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Music Review

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Live at the Smokehouse


Artist: Psychic Lemon
Label: Tonzonen Records
RRP: £13.99
Release Date: 26 April 2019

Tonzonen Records releases Live at the Smokehouse, by experimental rock band Psychic Lemon – available on limited edition orange and green splatter vinyl and CD. The band consists of Andy Briston on guitar and synths, Andy Hibberd on bass, and Martin Law on drums. They first got together in 2014 in Cambridge, where they still rehearse today. Their first album was Psychic Lemon (2016), followed by Frequency Rhythm Distortion Delay (2018); this is their third full release...

Live at the Smokehouse was recorded in Ipswitch on 10 August 2018. The first side of the disc features three tracks from their previous album, Frequency Rhythm Distortion Delay: 'Interstellar Fuzz Star', 'Satori Disko', and 'Hey Droog!' The second side is made up of two new tracks: 'Jonny Marvel at the Milky Way', and 'White Light'. The former of these last two is a tribute to their greatest fan, who became a good friend and has, sadly, passed on.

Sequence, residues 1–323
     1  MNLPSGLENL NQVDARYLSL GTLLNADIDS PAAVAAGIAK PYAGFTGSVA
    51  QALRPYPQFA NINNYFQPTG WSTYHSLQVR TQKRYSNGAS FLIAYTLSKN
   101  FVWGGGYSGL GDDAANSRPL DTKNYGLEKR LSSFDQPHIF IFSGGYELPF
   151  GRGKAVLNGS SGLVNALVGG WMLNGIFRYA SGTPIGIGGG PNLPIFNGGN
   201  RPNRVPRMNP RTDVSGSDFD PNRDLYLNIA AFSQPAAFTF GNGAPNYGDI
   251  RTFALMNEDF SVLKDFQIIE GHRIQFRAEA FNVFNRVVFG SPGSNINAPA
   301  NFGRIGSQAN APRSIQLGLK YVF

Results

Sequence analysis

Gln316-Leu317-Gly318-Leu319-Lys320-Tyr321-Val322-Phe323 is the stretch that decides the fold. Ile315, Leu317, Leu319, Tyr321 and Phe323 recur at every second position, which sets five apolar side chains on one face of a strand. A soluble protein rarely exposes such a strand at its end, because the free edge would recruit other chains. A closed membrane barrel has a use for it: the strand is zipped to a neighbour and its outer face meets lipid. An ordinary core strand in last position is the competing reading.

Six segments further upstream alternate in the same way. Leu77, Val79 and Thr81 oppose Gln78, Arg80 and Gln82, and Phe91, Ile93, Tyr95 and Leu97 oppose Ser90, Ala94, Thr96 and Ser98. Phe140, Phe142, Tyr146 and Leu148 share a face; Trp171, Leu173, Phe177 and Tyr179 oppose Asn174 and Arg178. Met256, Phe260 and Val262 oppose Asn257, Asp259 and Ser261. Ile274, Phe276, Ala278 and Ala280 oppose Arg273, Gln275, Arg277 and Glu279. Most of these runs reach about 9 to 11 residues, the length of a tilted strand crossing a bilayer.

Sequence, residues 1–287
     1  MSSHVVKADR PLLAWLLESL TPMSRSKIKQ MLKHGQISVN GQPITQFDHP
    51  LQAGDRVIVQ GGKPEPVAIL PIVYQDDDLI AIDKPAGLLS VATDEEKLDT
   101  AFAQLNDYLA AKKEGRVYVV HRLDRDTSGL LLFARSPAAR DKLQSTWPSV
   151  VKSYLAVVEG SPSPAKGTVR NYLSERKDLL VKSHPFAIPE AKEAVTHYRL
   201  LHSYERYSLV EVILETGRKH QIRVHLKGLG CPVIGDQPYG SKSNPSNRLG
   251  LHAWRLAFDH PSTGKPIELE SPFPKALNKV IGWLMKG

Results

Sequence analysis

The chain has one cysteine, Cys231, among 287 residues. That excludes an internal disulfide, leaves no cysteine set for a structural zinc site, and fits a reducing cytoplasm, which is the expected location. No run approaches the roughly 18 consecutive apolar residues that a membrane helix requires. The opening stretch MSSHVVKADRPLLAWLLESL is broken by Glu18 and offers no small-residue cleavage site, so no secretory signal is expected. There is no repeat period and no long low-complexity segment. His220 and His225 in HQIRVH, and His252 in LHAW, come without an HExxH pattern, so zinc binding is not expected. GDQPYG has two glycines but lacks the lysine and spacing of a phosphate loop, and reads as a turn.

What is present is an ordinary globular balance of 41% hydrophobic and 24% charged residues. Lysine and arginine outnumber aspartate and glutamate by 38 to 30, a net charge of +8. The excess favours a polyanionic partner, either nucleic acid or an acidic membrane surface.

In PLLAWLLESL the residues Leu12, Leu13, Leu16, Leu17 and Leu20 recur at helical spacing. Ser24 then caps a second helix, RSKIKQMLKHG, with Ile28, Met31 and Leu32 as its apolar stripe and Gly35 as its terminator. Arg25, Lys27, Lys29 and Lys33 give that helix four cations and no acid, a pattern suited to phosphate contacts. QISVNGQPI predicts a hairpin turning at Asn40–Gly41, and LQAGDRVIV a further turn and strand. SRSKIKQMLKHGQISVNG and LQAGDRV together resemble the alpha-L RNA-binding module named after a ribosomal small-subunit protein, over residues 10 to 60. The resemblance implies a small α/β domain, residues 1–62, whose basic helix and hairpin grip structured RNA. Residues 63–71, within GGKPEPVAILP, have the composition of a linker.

When I received this for review all I saw in my mind’s eye was Blind Lemon, before I suddenly realised it was a group I had never come across before. The music of Psychic Lemon has been described in several different genre combinations. They themselves prefer Krautfunk (strange, as they are English). I would classify them as Psychedelic Space Rock. The music is instrumental, and in the vein of experimental jamming. To find their purpose the tracks are all upwards of six minutes – two of them over ten minutes.

If you like some of the earlier Tangerine Dream albums, or Pink Floyd in their weirdly brilliant UFO Club era ('Interstellar Overdrive', etc.) you’re almost certain to like this. It generally takes a simple melody and builds/plays around with the theme. Personally, I enjoyed this outing, but could only appreciate it fully in small doses of two tracks at a time. It gets a bit too much after that, and you start to lose your grip on it. Having said that, I’d much rather listen to hours of this than inane commercial pop which begins to grate a lot earlier. The odd thank you to the audience from the band is very low in the mix and barely audible. But it’s not a necessity; it’s the music we’re here for.


Ty Power

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